NEW DELHI—Angry protests broke out in India’s capital this week over power blackouts as summer temperatures soar, fueling concerns of a repeat of the electricity crisis of two years ago that blacked out half the country and left more than 600 million people without electricity. Residents took to the streets at around midnight June 10 in New Delhi’s northeast, attacking vehicles as frustration mounts over the power cuts. Riots have also erupted in the northern state of Uttar Pradesh, with residents storming a power substation near the capital, Lucknow. Recent temperatures in New Delhi have reached 45°C (113°F). The New Delhi government announced emergency-power saving measures on June 8, including cutting electricity at the city’s shopping malls, turning off street lights and ordering government offices to switch off air conditioners at certain times. Overloading in the system resulted in the power cuts beginning in early June, when peak demand in the city reached 5,600 MW. Damage to some transmission lines during a recent major thunderstorm in New Delhi, home to more than 16 million people, has added to the problems.

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In other news...

DuPont Says 50% of U.S. Vehicles Will Use HFO-1234yf by 2018
International Code Council Releases 2015 Codes
Clothes Dryers Added to Energy Star Program
New York, New Jersey Get $1 Billion for Climate Change Resiliency Projects
Commanding Officer of Nuclear Sub Gives Dire Account of 'Catastrophic' AC Failure
ABB, University Partner on Electric Vehicle Fast-Charging Stations
Swegon Acquires Vibro-Acoustics

Feature of the Week

VAV Reheat Versus Active Chilled Beams & DOAS
By Jeff Stein, P.E., Member ASHRAE; and Steven T. Taylor, P.E., Fellow ASHRAE
Dedicated outdoor air systems (DOAS) plus active chilled beam (ACB) systems are often compared to variable air volume reheat (VAVR) systems in terms of energy efficiency, first cost, air quality, etc. The ASHRAE Golden Gate Chapter held a head-to-head competition to see how the systems stacked up against each other. Three mechanical engineering firms provided a Design Development (DD) level design for a real office building currently in design at the UC Davis Medical Center in Davis, Calif. One firm designed an ACB+DOAS system, another firm designed a VAVR system, and the third designed a hybrid combination of these two systems. A fourth engineering firm simulated each of the three designs using the EnergyPlus energy simulation program. This article presents the results of the tests in real and "what-if" scenarios, and declares a winner.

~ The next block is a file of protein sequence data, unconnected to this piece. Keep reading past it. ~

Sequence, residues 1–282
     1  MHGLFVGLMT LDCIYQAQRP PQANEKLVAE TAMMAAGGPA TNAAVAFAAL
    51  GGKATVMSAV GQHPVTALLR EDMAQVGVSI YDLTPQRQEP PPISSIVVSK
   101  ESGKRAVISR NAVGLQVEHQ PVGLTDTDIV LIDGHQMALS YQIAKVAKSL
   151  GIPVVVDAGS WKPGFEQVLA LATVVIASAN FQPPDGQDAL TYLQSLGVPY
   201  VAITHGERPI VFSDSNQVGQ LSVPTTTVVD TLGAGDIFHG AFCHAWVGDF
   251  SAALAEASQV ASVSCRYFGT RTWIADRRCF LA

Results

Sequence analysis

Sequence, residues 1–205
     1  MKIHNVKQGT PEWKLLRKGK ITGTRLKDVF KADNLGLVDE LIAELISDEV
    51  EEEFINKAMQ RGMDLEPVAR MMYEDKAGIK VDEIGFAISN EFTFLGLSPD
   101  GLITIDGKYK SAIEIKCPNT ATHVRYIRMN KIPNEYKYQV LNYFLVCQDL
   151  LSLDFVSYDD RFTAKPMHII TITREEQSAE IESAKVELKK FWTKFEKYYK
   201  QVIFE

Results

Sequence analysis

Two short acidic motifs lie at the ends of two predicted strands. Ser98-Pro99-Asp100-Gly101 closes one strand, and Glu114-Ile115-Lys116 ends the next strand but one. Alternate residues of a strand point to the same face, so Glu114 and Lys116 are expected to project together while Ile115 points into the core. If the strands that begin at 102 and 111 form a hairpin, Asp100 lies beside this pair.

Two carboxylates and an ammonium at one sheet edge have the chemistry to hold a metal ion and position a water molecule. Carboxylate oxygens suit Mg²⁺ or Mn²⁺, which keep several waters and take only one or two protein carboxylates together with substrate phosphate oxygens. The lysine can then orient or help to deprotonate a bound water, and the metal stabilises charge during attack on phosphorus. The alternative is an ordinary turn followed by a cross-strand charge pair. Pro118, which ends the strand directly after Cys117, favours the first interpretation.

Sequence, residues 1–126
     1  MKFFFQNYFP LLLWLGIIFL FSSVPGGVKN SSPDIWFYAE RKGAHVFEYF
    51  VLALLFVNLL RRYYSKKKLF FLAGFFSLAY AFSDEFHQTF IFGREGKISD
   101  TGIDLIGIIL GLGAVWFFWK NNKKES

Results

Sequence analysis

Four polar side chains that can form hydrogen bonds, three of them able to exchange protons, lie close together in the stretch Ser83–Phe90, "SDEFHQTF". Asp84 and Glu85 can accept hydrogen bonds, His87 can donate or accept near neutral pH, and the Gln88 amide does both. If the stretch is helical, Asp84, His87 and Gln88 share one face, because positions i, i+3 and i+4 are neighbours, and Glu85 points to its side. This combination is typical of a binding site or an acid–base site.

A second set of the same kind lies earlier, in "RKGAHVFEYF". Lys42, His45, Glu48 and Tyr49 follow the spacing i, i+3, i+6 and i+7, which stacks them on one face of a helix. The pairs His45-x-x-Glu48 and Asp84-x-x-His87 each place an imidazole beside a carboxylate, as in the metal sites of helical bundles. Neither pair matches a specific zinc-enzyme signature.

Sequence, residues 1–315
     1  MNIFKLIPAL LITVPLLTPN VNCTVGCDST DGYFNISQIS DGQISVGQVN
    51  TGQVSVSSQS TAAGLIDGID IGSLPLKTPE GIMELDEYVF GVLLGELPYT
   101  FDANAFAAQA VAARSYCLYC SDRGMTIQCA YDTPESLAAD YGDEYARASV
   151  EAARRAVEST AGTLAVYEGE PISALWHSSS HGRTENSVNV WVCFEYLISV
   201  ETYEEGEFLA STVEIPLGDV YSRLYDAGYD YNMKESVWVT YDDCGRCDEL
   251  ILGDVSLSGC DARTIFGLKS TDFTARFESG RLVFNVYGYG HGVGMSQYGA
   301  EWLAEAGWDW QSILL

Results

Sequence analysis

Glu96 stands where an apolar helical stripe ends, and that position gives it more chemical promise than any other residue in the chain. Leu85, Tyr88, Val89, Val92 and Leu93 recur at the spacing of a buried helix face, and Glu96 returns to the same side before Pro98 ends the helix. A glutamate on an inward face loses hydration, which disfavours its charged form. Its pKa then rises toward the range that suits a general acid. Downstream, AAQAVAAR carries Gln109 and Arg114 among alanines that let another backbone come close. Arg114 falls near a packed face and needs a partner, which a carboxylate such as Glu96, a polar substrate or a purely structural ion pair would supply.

This article originally was published in May 2013. Click here to download the article. It will be available here through June 26.

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Product News

Chiller From Carrier
SYRACUSE, N.Y.—Carrier introduces the 30XA AquaForce outdoor, air-cooled chiller with Greenspeed Intelligence. The Greenspeed Intelligence technology adds variable speed condenser fans and variable speed screw compressors to enable the chiller to match load conditions and deliver improved part-load performance. Also, the chiller features the company's new Touch Pilot controls, which allow users to easily monitor and log trend data, access the unit through a Web browser, and regulate the chiller while accurately maintaining fluid temperatures.

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Dehumidification System From Munters US
AMESBURY, Mass.—The DryCool Dehumidification System (DDS) from Munters US features the Munters desiccant dehumidification module, consisting of an active desiccant wheel, a reactivation heat source, and supply and reactivation fans. Additional features include double-wall construction, enclosed insulation, easily removable panels, component flexibility and an FRP pultrusion frame that minimizes thermal bridging. Also, preengineered energy recovery, cooling, heating and filtration modules can be added.

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BAS Communications Interface From Industrial Control Communications
MIDDLETON, Wis.—The PicoPort from Industrial Control Communications is a customizable module that allows OEMs to network-enable their products. The field-upgradeable 0.9 in.2 (580.6 mm2) module features free drivers including BACNet® and Modbus, a USB interface, and eight GPIO channels.